My last memories of her are ashen faced, yammering because we’d layed her back with her legs crossed, and she could no longer articulate it. I had to drag myself back to university, and two days later she died. I’ve never decided whether I was better away from it, or if I’d been better there.

    On an aside, she was dead against (pun intended) going into that sitting room. Only after her death did we realise that it was the room the family had laid her mother up to die.


  21. Mummy x says:

    Totally agree. Dying is not nice. Watching someone die is not nice.

    I was totally convinced that I could get my Mum home and allow her to die in peace. Right up until she actually started dying (on the Friday afternoon). By 4 pm I was shitting it so much I couldn’t even go in the room with her on my own. The MacMillan nurses were fab but they never actually told me what would happen and I foolishly assumed that she would just go to sleep and pass away. It never occured to me that although we may want that, her body would have other ideas and that as she slowly suffocated her body would panic more and more and fight harder to do was it does, aka stay alive. I wasn’t with her when she finally went and to be honest I’m glad to fuck I wasn’t. However, I have been left with a profound guilt that at the end of her life I was too scared to be there with her when it ended and a profound sense of relief that I wasn’t.

    Fab post.

    Mummy x


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  24. Katherine says:

    Thank you, Kal. Another one for the Required Reading list. When is the book coming out, again?


  25. NinjaMedic says:

    I work for a hospice, and each and every time I’m called out to attend a death I explain to my patient’s family what is happening to their loved one and why. I explain why their extremities become mottled, what Cheyne-Stokes respirations are, what Kussmaul respirations are…as these symptoms manifest themselves, I explain them. I don’t want people to be afraid of what’s happening. Most hospice deaths are calm and peaceful (that’s our goal) but sometimes they’re a messy, noisy affair and people get scared or freaked out by what they’re witnessing.
    I had one family member who, immediately after their father died, said “but his face looks normal! He can’t be dead, his face isn’t blue!”. *sigh* Some people have very strange ideas about how people look when they’re dead.
    Hospice is, without a doubt, the most challenging work I have ever done. However, it is also the most rewarding; some of the best experiences I have ever had have been with my hospice patients. When I’m done with this degree I’m working on, I’d like to continue to work in palliative care. It’s highly underrated, misunderstood, and sometimes totally ignored, but it absolutely has a place in modern medicine.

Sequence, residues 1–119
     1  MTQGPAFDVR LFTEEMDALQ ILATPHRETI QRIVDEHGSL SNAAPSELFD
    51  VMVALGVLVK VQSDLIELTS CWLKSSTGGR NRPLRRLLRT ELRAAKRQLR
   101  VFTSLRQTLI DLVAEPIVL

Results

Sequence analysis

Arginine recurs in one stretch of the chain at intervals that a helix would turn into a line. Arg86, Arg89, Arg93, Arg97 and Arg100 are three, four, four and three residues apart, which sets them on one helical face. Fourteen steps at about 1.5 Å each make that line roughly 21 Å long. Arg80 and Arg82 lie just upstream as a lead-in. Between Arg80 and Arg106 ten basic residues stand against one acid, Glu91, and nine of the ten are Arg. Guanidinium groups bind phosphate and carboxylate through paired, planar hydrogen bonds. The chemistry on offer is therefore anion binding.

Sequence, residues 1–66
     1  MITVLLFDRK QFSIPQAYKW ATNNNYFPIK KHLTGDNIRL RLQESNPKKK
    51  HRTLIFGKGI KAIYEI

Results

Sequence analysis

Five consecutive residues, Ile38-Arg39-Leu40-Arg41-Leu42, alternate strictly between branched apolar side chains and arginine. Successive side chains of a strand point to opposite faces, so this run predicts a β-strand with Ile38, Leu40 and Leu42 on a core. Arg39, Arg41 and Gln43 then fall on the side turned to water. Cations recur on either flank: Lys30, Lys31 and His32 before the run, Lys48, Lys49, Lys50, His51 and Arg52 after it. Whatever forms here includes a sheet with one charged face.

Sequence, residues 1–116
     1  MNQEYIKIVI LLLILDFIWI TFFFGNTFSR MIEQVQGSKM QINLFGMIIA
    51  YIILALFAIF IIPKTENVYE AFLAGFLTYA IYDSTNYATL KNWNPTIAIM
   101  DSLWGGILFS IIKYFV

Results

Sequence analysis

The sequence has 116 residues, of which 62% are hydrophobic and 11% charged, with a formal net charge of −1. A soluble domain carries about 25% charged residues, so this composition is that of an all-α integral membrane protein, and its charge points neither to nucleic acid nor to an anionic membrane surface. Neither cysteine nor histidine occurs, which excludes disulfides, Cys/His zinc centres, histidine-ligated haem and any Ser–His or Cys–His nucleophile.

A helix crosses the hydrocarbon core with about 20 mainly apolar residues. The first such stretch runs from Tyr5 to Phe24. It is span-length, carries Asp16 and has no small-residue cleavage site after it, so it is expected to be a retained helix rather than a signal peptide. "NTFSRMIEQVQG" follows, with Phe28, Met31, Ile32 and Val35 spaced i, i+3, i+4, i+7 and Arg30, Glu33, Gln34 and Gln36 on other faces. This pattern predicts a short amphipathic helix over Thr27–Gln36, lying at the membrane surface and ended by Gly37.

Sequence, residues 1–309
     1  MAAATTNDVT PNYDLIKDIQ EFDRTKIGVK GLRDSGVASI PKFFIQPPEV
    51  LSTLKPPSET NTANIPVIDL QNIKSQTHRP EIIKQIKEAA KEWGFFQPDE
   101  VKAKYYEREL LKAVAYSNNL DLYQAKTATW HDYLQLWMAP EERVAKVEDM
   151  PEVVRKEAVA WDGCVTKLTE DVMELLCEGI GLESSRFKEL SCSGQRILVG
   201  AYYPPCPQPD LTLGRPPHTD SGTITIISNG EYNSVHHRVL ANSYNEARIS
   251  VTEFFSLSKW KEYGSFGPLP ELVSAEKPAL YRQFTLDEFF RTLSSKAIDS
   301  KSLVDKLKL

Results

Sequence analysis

26. TSM says:

    Great post. I’ve never seen anyone die, but my sister is a nurse and she tells me that I’m fortunate. One of the best blog posts I have ever read.


  27. Juliet says:

    Thanks Kal, for the sensitivity and deep perception you demonstrated in this post.
    I watched my father die and, although I will never regret the decision to bring him home for his final days, there were moments that just weren’t pretty. They were frightening and confusing.
    Only when the morphine kicked in, after we’d called the doctors during a particularly terrifying episode when his body started to fight against the inevitable shut-down, was he able to eventually drift off painlessly and we were able to have the moments of “peace” they talk about.
    Death IS inevitable so why are we so afraid to face it in all its “glory”? TV and films have a lot to answer for.


  28. Becca says:

    I agree wholeheartedly with this (for me very timely post). Even when you are ready for the death (in fact actively wishing for it, to end the suffering for the person and the rest of the family), no-one tells you about the visceral panic that hits when you think it’s actually happening right in front of you.

    Not to mention all the stuff before the death itself. We had fantastic support from the district nurses, Marie Curie and Hospice at Home, but not 24 hours a day. We still had to work out what to do and who to call every time the situation changed and the current medication was no longer enough. We were the ones frantically reading instructions on how to dose the morphine she hadn’t needed the previous day while she writhed in pain. We were the ones making up impromptu continence solutions and holding bowls for her to vomit into. We were the ones who held her hand *knowing* she was in pain and waiting 2 hours for the out of hours doctor to give the injection she needed.

    I’m glad and proud that we succeeded and did everything (mostly) as she wanted, but it was *hard* and I would advise anyone thinking about doing it to get as much realistic advice as they could before deciding.


  29. Monique says:

    We are kinder to our animals. We put them to sleep. My mom died thirsty, anxious and still fighting to live. I had to leave and now feel so guilty because when I came back to her she had died 20 minutes ago.